would be inconsistent with the rule noted above that an individual does not have a right to
require the state to pay for a service unless the service is necessary to achieve the individual’s
employment outcome. Buchanan v. Ives, 793 F. Supp. 361, 366 (D. Me.1991) (“Although
the client must be given every opportunity to participate in the decision-making, the
rehabilitation counselor must make the final decision on eligibility and the scope of services
Even if I assume that defendants did not give plaintiff an adequate opportunity to
explain her objections before they adopted the new plan, she has not identified any harm
that she suffered as a result or a remedy that she would be entitled to receive. The most
obvious remedy would be to require defendants to reconsider plaintiff’s plan after giving her
another opportunity to explain her needs. However, plaintiff has already received that
opportunity in the form of an administrative hearing before the Wisconsin Division of
Hearings and Appeals. Dkt. #29-4. Plaintiff does not argue that she was precluded from
raising any issue she wished to raise before the administrative law judge.
procedural error has been cured.
As for money damages, it seems unlikely that they are available.
722(c)(5)(J)(ii)(III) authorizes a district court to “grant such relief as the court determines
to be appropriate,” but the word “appropriate” may be too vague to include an award of
money damages against a state agency or its employees acting in their official capacity.
Sossamon v. Texas, 563 U.S. 277 (2011) (phrase “appropriate relief” in Religious Land Use
and Institutionalized Persons Act is not sufficiently clear to justify award of money damages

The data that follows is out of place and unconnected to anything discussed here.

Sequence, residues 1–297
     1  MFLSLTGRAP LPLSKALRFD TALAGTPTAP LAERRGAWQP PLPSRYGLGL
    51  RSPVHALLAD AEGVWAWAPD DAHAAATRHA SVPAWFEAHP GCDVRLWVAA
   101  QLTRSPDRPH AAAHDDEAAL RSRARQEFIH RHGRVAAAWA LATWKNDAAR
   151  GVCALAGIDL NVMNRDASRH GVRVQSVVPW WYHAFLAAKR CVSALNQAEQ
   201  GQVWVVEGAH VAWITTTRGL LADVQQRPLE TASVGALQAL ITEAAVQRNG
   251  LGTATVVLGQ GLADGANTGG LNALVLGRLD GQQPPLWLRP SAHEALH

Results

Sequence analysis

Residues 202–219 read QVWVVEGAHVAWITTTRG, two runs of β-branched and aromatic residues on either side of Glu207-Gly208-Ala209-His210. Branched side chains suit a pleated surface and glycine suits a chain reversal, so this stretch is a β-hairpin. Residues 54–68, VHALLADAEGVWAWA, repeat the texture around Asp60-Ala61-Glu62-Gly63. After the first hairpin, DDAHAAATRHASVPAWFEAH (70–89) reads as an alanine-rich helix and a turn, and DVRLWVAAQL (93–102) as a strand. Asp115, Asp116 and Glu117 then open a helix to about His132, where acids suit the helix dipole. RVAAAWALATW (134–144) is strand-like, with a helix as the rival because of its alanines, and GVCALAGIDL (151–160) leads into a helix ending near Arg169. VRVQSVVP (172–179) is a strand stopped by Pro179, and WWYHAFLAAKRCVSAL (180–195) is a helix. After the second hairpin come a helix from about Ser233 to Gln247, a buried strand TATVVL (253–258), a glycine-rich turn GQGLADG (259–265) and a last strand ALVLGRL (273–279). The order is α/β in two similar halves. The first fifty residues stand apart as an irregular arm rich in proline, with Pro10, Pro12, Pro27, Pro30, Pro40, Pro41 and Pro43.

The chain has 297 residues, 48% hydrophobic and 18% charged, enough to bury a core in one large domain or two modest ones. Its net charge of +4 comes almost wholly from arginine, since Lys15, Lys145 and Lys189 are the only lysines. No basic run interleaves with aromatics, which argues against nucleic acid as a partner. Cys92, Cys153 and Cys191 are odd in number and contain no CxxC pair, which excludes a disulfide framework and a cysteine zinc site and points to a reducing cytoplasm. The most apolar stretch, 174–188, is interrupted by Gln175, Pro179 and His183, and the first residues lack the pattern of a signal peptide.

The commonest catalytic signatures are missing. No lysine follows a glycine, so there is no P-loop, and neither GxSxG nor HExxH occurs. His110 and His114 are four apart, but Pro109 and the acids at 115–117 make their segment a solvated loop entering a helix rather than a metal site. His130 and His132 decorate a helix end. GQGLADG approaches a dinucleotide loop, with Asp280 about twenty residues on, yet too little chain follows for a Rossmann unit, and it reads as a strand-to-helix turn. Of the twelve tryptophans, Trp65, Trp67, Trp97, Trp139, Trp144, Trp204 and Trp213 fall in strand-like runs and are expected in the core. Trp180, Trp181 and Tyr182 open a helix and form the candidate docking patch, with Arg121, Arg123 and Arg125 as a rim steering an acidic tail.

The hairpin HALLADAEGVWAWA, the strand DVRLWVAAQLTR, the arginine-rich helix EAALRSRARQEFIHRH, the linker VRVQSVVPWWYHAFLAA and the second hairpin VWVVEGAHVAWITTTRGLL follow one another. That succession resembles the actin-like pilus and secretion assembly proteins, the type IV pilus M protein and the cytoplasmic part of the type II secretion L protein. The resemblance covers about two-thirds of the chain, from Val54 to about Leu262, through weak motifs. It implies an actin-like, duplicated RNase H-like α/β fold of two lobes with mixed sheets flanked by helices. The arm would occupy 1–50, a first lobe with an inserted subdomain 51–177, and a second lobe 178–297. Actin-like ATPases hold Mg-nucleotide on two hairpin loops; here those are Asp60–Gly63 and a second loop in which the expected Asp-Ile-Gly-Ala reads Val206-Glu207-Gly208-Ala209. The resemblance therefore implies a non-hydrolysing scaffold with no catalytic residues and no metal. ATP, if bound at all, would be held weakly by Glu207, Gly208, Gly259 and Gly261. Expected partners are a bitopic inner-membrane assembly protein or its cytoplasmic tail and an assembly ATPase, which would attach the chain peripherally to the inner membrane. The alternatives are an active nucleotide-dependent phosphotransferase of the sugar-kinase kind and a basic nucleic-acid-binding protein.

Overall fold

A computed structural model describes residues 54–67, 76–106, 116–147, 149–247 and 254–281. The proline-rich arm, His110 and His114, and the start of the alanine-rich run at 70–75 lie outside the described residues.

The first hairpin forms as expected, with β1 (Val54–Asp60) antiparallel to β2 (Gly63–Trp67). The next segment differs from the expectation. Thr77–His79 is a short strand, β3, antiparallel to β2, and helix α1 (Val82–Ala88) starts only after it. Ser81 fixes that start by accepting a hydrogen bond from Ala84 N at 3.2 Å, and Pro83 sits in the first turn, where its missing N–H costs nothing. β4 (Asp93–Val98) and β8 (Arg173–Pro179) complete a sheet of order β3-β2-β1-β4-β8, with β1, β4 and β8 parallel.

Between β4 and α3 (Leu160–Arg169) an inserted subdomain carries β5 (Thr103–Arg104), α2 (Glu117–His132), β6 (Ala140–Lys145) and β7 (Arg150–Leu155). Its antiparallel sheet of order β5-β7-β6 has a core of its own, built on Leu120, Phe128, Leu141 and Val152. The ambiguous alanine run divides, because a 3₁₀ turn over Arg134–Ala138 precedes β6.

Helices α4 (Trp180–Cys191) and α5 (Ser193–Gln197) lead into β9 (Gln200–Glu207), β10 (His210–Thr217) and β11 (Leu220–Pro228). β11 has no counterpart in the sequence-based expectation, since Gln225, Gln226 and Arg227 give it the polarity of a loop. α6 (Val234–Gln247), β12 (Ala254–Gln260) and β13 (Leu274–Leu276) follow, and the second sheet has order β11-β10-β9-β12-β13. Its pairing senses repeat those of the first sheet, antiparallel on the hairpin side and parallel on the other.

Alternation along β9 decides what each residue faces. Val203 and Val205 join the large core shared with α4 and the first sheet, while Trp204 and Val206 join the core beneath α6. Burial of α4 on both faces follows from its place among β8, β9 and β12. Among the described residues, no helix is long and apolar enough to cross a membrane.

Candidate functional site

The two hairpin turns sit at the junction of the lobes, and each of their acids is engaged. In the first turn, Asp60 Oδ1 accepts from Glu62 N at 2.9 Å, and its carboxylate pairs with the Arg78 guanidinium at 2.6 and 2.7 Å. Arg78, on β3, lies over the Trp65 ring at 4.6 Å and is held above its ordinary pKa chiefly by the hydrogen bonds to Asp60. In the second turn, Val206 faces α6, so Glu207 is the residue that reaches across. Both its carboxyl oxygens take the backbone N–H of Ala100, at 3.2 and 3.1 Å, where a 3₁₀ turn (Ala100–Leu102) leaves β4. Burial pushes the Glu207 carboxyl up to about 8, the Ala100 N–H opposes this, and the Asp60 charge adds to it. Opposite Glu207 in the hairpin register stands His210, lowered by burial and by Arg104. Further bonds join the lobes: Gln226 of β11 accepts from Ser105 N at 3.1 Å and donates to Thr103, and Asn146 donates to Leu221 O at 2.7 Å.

against state). Some courts have held that a plaintiff bringing a claim under § 722 is entitled
to “equitable reimbursement” for the expenses that the state should have paid for, e.g.,
Millay, 986 F. Supp. 2d at 76, but I have concluded that defendants did not violate the
Rehabilitation Act by removing the services in dispute from plaintiff’s plan, so that would
not be an appropriate remedy. Accordingly, I will grant defendants’ summary judgment
motion as to this claim as well.
E. Terminating Services Pending Appeal
Throughout her summary judgment brief, plaintiff argues multiple times that
defendants violated her rights by removing services from her individualized plan for
employment while an administrative appeal was pending. Presumably, plaintiff means to
rely on 29 U.S.C. § 722(c)(7):
Unless the individual with a disability so requests, or, in an appropriate case,
the individual's representative, so requests, pending a decision by a mediator,
hearing officer, or reviewing officer under this subsection, the designated State
unit shall not institute a suspension, reduction, or termination of services
being provided for the individual, including evaluation and assessment services
and plan development, unless such services have been obtained through
misrepresentation, fraud, collusion, or criminal conduct on the part of the
individual, or the individual's representative.
I did not allow plaintiff to proceed on this claim and she did not seek reconsideration
of that decision. However, a review of plaintiff’s complaint reveals that she included an
allegation that “there [was] an appeal process tak[ing] place” when defendants removed the
services at issue and that “no services are to be removed, terminated or reduce[d] during an
appeal.” Dkt. #1.
Even if I consider the merits of the claim, it fails for a simple reason. Plaintiff does
not cite any evidence that defendants denied her any services that she needed while the
appeal was pending. First, it is undisputed that the department agreed to pay for the car
repair that plaintiff requested at the time. Further, as noted above, plaintiff does not
identify any work clothes that she needed at the time. Accordingly, I see no violation of §
IT IS ORDERED that
1. Plaintiff Patricia Williams’s “motion to reply,” dkt. #41, is construed as a motion
for leave to file untimely responses to the proposed findings of fact filed by defendants
Wisconsin Department of Workforce Development, Nicholas Lampone, Delori Newton and
Enid Glenn and the motion is GRANTED.
2. Plaintiff’s “motion to dismiss defendants summary judgment,” dkt. #37, “motion
for leave to file sur-reply memorandum,” dkt. #45, and “memorandum and motion for
consolidation of both cases & add other defendants,” dkt. #46, are DENIED.
3. Defendants’ motion for summary judgment, dkt. #24, is GRANTED.
4. The clerk of court is directed to enter judgment in favor of defendants and close
Entered this 5th day of May, 2017.
BY THE COURT:
BARBARA B. CRABB